There is a 16 footer for sale on your regional CL for $400 (same one we have):

Having one of these would also give you the option of tandem paddling.

Cobra Revision SOT

Those are not slalom boats, though the
Pirouette is often used as a substitute in the “cruising” class.

Generally, slalom boats that old have not survived. They get hammered to death in use.

Early slalom designs are less easy for the general public to paddle than general purpose river runners. Recent slalom designs are very easy to paddle on class 1-2, but not that suitable for shallow water.

Nice, heavy boat for when he gets stuck
anyway, and has to get out and lift it over the obstacles.

What happened to my original advice? I lived in Philly for five years, and always knew where to go for water deeper than the Brandywine?

Paddling streams in garbage-low levels is like fishing for four inch trout.

Dunkle! Listen up! Put the Loon on the
car and go find some deeper rivers! Don’t persist in paddling rocky shallows. There is no boat solution to your issue. NONE. The Brandywine gets too low.

Scratchy can be fun

– Last Updated: May-07-13 1:05 AM EST –

The Brandywine can be scratchy. What section did you paddle as Corcoran's Bridge to Shaw's Bridge Park should be OK to paddle and I had friends that just did that this weekend.

Still I weigh maybe twice as much as you and have run local rivers in my Axis 12 without that much problems in a few inches of water. I would think someone lighter in a big wide Loon would have even less issues.

You have to read the river on lots of our local creeks as there can be large shallow sections you need to avoid but a deeper channel you need to find that will allow you to pass. You just can't expect to go any where on the river at all times. This is probably more your issue then the kayak.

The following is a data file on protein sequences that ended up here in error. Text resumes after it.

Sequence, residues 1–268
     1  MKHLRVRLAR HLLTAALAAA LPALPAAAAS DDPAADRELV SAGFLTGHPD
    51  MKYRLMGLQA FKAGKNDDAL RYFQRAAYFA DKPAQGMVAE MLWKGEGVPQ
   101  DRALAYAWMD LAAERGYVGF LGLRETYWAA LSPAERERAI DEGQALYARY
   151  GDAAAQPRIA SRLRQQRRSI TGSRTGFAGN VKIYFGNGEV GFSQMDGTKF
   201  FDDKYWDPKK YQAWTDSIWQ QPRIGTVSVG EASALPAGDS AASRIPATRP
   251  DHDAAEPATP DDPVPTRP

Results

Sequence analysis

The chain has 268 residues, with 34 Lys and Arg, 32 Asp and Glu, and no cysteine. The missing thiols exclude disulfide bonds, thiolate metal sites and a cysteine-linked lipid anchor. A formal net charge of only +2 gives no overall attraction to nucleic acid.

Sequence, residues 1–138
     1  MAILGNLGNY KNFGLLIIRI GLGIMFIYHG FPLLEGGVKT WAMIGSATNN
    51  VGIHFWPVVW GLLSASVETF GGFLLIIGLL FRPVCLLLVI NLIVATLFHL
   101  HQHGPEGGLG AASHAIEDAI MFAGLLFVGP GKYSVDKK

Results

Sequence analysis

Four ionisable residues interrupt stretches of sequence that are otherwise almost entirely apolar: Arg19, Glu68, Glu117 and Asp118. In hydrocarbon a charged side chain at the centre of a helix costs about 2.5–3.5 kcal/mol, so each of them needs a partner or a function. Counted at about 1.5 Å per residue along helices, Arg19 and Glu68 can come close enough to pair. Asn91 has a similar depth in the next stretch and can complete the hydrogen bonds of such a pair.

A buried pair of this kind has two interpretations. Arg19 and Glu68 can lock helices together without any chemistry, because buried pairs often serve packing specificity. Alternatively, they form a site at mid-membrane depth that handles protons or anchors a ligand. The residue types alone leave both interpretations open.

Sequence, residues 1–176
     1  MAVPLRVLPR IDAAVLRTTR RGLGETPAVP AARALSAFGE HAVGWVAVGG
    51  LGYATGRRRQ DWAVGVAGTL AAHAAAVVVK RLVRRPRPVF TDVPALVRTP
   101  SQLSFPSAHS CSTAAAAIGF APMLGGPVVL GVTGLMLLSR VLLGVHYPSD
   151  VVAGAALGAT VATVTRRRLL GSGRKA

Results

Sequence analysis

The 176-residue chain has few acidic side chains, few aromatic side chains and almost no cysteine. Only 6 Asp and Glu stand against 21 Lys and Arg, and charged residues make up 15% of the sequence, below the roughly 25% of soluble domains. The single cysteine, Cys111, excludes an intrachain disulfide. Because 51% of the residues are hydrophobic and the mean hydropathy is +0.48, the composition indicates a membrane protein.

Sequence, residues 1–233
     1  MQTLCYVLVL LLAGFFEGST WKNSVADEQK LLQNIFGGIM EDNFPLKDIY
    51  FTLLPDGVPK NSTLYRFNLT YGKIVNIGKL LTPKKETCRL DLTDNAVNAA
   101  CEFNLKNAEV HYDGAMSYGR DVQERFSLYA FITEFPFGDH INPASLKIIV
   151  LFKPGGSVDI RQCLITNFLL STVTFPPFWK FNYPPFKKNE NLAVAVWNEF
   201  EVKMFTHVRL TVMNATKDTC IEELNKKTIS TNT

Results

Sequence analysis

The Schuylkill has some nice places to paddle. There is a bar called Fitzwater Station on the canal that rents kayaks and will list a few trips -- so take the friends. A nice simple one is the Loop. You start at the bar and kayak up the canal to the lock house and then there is a short portage to the Schuylkill then back down river. The take out is a pretty long drag back to the canal but is a nice simple trip when starting out -- less than 2 hours. Also any trip that starts and ends at a bar is good...

We are getting rain this week so after it calms down a bit it should be better for a brief while.

A good site to find local places to paddle is run by the Philadelphia Canoe Club. You probably want to stick to flat or moving water. They will list launches as well as pull outs and give you the gauges you should be checking out before a trip.

But reading the river is a skill you need to paddle around here. Otherwise you need to do the lakes or like g2d said drive farther to find deeper water or kayak in the early spring or late fall.

No float bags
He won’t need float bags if the water is only a few inches deep…

probable misnomer, I admit